Local

Customers Claim Consignment Store Is Rip-Off

Ginger Allen, CBS 11 News
(credit: KTVT/KTXA) Ginger Allen
Ginger is the Senior Investigative Reporter of the CB...
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DALLAS (CBS 11 News/CBSDFW.COM) – Bill and Audrin Smith lived in a home off Royal and Webb Chapel in Dallas for 51-years.  Their daughter, Melinda Wells, grew up there.

“She cooked feasts galore,” Wells said.  “It was just a great place to be.”

But, after her Dad passed away, Wells’ mother moved into assisted living.

“We needed the funds from the house, and the estate sale so I could put her in a nice place,” Wells said.

Wells turned to Estate Classics in Dallas.  The store’s website says it provides estate sale services.  Wells says she met the owner, Lori Huey, and signed a contract agreeing to pay Huey 30% of the sale.

“You hire someone you trust, and you think they are going to take the best care of it and that didn’t happen,” she said.

More than a year later, Wells says she’s still waiting for a full accounting of what items from her parent’s house sold, and she says she’s still waiting to get paid.

“It’s hard when you look back at all the memories they worked for to get, that meant so much to them, and that you have nothing for it,” said Wells who says she did receive a check from Huey for $2400 which bounced.  Then Wells says Lori Huey sent a replacement check for less money, so Wells sent it back.  After her mom passed away, Wells filed a lawsuit.

ginger 1 Customers Claim Consignment Store Is Rip Off

Melinda Wells who says she did receive a check from Huey for $2400 which bounced. (Photos CBS 11)

“This was my parents life for all these years, and their memories, and my memories growing up,” Wells said.  “I don’t want someone else to go through this the pain and the hurt.”

Charleen Reece says something similar happened to her.  After her husband passed away, she decided to downsize.

“When you’re down and out, and you’re emotional anyhow, and you have to get rid of stuff that reminds you of person you love and you can’t keep it, you’re out of room,” said Reece who showed CBS 11 the pictures of items she says she turned over to Lori Huey’s store.

“I think I gave her about $2500, and all she paid me was 250 dollars,” she said.

Reece says Huey did not provide her with an accurate accounting of what items sold.

“When she tells you what she sold for something, it comes off the top of her head,” Reece said.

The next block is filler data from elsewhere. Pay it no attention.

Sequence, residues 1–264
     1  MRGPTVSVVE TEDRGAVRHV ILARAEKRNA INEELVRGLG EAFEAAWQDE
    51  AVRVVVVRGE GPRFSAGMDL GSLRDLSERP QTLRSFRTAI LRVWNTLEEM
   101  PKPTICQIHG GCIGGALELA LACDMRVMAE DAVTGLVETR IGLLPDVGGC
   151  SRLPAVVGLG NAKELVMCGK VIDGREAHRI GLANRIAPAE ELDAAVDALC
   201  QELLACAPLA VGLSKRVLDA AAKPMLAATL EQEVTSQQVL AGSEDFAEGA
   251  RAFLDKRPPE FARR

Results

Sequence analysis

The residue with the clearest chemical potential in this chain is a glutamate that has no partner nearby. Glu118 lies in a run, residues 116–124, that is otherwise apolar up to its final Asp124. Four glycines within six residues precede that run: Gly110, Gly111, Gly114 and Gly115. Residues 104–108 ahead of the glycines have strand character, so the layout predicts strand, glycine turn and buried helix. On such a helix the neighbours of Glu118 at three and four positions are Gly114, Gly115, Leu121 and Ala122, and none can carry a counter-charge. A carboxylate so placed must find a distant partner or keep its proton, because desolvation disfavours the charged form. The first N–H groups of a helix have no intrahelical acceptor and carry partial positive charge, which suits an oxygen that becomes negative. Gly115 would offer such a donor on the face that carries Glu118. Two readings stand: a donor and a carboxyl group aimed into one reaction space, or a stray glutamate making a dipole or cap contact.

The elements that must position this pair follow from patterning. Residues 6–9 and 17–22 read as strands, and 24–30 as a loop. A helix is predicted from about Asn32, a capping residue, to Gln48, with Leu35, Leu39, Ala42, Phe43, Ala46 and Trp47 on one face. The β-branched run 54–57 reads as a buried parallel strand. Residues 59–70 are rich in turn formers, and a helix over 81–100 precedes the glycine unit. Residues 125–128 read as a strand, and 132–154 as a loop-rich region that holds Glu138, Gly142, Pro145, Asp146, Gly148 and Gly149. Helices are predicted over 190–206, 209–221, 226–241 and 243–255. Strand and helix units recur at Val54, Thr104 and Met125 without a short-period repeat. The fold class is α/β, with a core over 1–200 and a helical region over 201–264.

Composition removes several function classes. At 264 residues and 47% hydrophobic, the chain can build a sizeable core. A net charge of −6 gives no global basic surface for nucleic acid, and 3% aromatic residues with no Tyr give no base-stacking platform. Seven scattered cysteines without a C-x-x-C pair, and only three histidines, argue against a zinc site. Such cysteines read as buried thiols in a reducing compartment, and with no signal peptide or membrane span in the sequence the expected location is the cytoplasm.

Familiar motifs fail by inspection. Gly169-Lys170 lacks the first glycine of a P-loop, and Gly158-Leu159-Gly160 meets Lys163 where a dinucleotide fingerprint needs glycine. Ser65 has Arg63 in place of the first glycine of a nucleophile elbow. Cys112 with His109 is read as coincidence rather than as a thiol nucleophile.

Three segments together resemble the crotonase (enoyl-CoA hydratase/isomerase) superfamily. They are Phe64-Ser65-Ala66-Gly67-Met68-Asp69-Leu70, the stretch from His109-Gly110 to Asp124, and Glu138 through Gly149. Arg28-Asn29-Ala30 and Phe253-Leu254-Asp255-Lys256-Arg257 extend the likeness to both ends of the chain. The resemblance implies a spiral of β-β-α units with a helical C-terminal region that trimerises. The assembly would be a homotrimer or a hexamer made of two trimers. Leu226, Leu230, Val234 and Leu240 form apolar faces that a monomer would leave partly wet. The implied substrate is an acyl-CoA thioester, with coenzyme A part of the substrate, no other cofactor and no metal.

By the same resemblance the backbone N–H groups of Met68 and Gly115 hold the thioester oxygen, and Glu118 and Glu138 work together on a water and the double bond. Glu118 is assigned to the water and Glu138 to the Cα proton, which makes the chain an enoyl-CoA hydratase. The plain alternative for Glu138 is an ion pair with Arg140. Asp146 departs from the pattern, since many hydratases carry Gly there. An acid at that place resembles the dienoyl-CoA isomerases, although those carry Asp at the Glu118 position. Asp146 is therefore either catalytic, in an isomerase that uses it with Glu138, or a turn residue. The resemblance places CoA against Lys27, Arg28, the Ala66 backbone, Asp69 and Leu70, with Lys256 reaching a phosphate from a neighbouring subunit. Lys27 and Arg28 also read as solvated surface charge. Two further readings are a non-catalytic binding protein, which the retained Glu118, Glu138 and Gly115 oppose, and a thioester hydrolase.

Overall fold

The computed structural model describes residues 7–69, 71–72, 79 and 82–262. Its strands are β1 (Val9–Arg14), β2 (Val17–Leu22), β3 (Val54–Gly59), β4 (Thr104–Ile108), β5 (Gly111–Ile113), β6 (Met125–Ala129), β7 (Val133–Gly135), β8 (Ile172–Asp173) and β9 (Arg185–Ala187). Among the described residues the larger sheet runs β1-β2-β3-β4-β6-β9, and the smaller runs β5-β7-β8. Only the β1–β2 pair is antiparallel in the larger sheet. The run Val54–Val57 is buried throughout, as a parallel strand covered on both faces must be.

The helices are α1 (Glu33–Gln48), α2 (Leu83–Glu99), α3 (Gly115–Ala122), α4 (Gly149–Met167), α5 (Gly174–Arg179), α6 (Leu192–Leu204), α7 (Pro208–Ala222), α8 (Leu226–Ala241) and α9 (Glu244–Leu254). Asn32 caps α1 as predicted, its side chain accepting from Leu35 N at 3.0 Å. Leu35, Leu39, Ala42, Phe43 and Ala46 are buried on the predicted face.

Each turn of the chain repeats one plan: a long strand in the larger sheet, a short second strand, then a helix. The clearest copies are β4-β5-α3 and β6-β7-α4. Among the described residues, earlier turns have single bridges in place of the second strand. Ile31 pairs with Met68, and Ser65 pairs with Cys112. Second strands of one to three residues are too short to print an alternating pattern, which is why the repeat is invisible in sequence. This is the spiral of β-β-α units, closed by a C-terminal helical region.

CBS11 has spoken to several other people who also say they’re unhappy former customers of Estate Classics.  Kathy Stowe tells us by e-mail – “It’s time that she stops all of her dishonest practices.” Rebekah Vereen says “Huey refused to pay me,” and Grace Glover says “She needs to be stopped.”

Lori Huey closed her first store on Preston Road in Dallas and opened a new location further south which is where we found her.  She didn’t want to talk on camera while she’s still fighting Wells in court, but she did send us this statement.

Thank you for the opportunity to speak with you regarding your proposed story. As you may not know, I have been blessed to have successfully represented some 1,700 plus clients while working in the Estate Sales and Consignment businesses for the last 30 years and, as a small business owner have had the pleasure of working with over 250 people in various positions.  During my 30 year tenure in the Estate Sales and Consignment businesses I have, in an effort to exceed the needs and wants of my extremely varied clientele, always strived to provide my services in a considerate and professional manner that was far above and beyond the terms of our agreements.

You alluded to the fact that your proposed story is based upon your having spoken to a few dissatisfied clients and former employees.  As any reasonable person knows it is impossible to satisfy every client and employee 100 percent of the time.  As they say, some people are never satisfied!  Perhaps it would benefit you to speak to 10 times that many happy clients and employees to get a true and accurate picture for your story.  Given the vast number of clients I have acceptably served and the number of people I have worked with, it would only be fair to say that under any microscopic examination I have a 99 percent success rate as a professional business woman and employer.  As to your assertion that the Better Business Bureau has an “F” rating for me, you yourself verified that this is a result of a couple of complaints that were never responded to by me because I never received the written complaint material from the BBB.  Let me once again reassure you that if I had received the BBB material I would have honestly responded and would have, without question, maintained my good name.

Unfortunately, at this time I will be unable to appear on camera because one person, who is part of the less than 1 percent of unsatisfied clients, has chosen to litigate rather than seek to agree when we went to arbitration.  So on advice of counsel I will have to wait until the outcome of that litigation before I may publicly address your questions and successfully defend my good name.

I trust that in the spirit of fair play, if you run your story prior to my availability for an on camera interview, that you will at least present the whole story and all of the facts including those as set forth herein.”

Huey told CBS11 that many people think their valuables are worth more than they are.

The Better Business Bureau offers advice for dealing with estate sales and consignment shops on the following links:

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